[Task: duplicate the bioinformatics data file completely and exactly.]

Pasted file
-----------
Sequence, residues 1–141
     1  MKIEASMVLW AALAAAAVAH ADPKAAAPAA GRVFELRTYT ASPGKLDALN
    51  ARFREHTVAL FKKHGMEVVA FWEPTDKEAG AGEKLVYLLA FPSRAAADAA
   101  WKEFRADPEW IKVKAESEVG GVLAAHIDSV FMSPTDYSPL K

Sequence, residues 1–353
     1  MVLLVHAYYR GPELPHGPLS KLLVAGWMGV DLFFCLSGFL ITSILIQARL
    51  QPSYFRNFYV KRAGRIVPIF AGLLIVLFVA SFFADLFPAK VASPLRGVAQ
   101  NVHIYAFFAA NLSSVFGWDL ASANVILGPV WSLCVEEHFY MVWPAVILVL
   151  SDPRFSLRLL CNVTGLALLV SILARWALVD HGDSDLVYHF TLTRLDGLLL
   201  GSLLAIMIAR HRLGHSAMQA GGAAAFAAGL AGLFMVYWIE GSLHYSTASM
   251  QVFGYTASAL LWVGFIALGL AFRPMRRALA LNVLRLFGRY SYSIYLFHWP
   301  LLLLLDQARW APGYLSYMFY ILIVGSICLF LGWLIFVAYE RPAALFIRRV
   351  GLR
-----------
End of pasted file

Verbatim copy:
Sequence, residues 1–141
     1  MKIEASMVLW AALAAAAVAH ADPKAAAPAA GRVFELRTYT ASPGKLDALN
    51  ARFREHTVAL FKKHGMEVVA FWEPTDKEAG AGEKLVYLLA FPSRAAADAA
   101  WKEFRADPEW IKVKAESEVG GVLAAHIDSV FMSPTDYSPL K

Sequence, residues 1–353
     1  MVLLVHAYYR GPELPHGPLS KLLVAGWMGV DLFFCLSGFL ITSILIQARL
    51  QPSYFRNFYV KRAGRIVPIF AGLLIVLFVA SFFADLFPAK VASPLRGVAQ
   101  NVHIYAFFAA NLSSVFGWDL ASANVILGPV WSLCVEEHFY MVWPAVILVL
   151  SDPRFSLRLL CNVTGLALLV SILARWALVD HGDSDLVYHF TLTRLDGLLL
   201  GSLLAIMIAR HRLGHSAMQA GGAAAFAAGL AGLFMVYWIE GSLHYSTASM
   251  QVFGYTASAL LWVGFIALGL AFRPMRRALA LNVLRLFGRY SYSIYLFHWP
   301  LLLLLDQARW APGYLSYMFY ILIVGSICLF LGWLIFVAYE RPAALFIRRV
   351  GLR